Meanwhile, SCO’s case against IBM appears to be withering. They just dropped the trade-secrets claim. That’s a big admission. Novell says they overruled SCO’s “termination” of IBM’s AIX license. And you have Novell and SCO dueling over copyright ownership. Red Hat is sitting back waiting, meanwhile, watching SCO’s copyright claims get smaller and smaller. If I were SCO, I’d be worried.
WN: So what do you think SCO will do next?
Jones: SCO is now limiting their copyright claims in the IBM lawsuit to their legal theory about what constitutes a derivative work, as I understand their claims. They appear now to be saying that the “infringement” is the AIX code IBM donated to Linux. What is SCO’s claim to code that has no System V code in it? That IBM wrote itself? And owns the copyright on? I’m fascinated to find out what SCO will say about that, but from where I am standing, it looks like an uphill struggle for them.
I do expect they may try some things with the DMCA, in imitation of their hero, the RIAA. But even there, a recent case limits what they can do. So far, nothing has been going right for them from the legal perspective, in my opinion. I’m personally looking at the DMCA as the next front.
REDMOND, Wash., Updated Feb. 13, 2004 — On Thursday, Microsoft became aware that portions of the Microsoft Windows 2000 and Windows NT 4.0 source code were illegally made available on the Internet. It’s illegal for third parties to post, make available to others, or download Microsoft source code, and we are actively investigating this issue with law-enforcement agencies. Microsoft will take all appropriate legal actions to protect our intellectual property.
At this time there is no known impact on customers. We continue to be committed to protecting our customers and their networks, and we will take any appropriate steps to ensure that we meet this commitment. Our investigation has shown this was not the result of any breach of Microsoft’s corporate network or internal security, or from our Shared Source Initiative program.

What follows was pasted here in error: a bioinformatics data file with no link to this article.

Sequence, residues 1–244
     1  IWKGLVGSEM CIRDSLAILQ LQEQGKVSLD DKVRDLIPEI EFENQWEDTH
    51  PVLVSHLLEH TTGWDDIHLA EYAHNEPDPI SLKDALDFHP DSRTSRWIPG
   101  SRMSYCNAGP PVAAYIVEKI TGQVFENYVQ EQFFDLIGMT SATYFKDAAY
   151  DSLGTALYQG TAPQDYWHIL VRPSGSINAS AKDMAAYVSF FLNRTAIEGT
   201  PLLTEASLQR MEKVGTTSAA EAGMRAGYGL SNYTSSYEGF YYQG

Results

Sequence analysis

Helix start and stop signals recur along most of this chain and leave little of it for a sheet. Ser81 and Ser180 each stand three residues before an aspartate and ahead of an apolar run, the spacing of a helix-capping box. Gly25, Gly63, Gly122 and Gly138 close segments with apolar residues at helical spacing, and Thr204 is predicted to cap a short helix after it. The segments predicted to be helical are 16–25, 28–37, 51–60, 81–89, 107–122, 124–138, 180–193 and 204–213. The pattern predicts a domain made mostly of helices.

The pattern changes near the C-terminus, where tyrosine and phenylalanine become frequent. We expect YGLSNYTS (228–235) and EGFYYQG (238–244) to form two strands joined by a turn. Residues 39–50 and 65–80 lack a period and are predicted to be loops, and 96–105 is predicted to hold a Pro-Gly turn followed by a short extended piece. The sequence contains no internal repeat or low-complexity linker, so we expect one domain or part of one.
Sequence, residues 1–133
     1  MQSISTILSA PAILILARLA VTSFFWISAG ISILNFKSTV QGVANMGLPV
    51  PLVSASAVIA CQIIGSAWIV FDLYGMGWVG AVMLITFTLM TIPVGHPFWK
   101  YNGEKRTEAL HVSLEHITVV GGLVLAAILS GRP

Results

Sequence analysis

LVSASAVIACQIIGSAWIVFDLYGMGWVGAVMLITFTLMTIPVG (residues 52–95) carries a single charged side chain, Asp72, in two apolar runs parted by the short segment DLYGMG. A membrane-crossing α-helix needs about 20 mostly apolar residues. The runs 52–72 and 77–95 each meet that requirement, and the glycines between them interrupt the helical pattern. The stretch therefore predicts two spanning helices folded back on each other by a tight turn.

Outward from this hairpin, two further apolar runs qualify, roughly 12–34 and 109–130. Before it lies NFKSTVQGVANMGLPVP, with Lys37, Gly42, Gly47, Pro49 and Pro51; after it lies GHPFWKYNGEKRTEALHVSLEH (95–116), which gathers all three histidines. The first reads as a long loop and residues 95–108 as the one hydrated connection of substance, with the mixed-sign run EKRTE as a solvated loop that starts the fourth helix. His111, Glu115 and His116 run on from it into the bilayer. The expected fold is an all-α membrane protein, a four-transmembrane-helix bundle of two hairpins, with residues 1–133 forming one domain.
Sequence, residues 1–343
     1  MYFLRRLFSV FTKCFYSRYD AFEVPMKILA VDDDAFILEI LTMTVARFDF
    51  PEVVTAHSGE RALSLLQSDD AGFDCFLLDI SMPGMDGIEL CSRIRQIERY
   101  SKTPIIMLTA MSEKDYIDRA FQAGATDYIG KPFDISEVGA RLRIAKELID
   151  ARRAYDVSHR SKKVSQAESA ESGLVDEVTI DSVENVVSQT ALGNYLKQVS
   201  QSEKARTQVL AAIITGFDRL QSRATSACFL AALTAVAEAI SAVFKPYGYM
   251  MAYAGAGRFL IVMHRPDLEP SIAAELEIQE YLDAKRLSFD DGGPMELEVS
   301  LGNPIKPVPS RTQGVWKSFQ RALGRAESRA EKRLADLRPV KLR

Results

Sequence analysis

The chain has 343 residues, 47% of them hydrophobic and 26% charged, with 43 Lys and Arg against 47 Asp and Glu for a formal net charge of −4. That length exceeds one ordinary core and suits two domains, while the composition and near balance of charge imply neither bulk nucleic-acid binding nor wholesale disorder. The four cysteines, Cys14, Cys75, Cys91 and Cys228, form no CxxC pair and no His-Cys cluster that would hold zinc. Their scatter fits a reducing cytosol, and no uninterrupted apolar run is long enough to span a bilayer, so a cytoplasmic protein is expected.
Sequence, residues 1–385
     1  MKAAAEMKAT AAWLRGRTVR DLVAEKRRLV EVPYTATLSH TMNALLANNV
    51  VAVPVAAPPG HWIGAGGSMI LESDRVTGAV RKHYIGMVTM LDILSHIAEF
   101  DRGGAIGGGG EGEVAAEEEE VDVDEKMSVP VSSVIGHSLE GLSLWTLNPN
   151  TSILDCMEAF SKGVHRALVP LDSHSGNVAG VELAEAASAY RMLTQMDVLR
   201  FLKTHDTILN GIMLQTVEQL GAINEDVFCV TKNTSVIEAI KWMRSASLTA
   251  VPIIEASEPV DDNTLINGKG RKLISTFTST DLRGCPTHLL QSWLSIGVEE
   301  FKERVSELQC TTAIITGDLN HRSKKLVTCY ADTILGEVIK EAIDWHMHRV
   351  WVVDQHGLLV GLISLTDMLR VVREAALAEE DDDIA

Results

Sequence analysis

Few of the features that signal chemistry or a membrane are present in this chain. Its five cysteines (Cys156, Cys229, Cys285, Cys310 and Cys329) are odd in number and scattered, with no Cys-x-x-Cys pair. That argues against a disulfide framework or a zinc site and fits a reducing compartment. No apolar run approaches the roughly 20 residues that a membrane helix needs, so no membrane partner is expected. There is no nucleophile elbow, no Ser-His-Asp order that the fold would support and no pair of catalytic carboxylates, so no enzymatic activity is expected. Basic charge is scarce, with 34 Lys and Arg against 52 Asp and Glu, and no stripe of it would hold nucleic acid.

All joking aside, holy moly, what a disaster. Security through obscurity relies upon obscurity, and now that’s gone.
It goes without saying - if you work on any open-source project, or ever want to work on such a project, don’t look at the source code.
Her: “How about instead of dinner and cards for Valentines Day, I get you Stargate Season 4 and you get it for me too?”
Me: “Have I mentioned how much I love you?”
14 February 2004
Many sign their names. Many don’t. They’re the book reviewers on Amazon.com who use such words as “masterful,” “page-turner” and “tear-jerker.” But the ones who sign their critiques only as “a reader from (fill in the city)” lost their anonymity this week when their identities were revealed on Amazon.com’s Canadian Web site.
Among those named were authors who posted glowing reviews of their own work, apparently to boost sales.
The glitch, reported Saturday by The New York Times, replaced pseudonyms with reviewers’ real names, laying bare a culture of self-promotion and potential for revenge among authors and users of the online retailer.
Amazon spokeswoman Patricia Smith told the Times the problem, fixed after a week, was “an unfortunate error.”
“We’ll examine whatever happened and make sure it won’t happen again,” she said.
Wow, what a waste of a day I could have spent sleeping.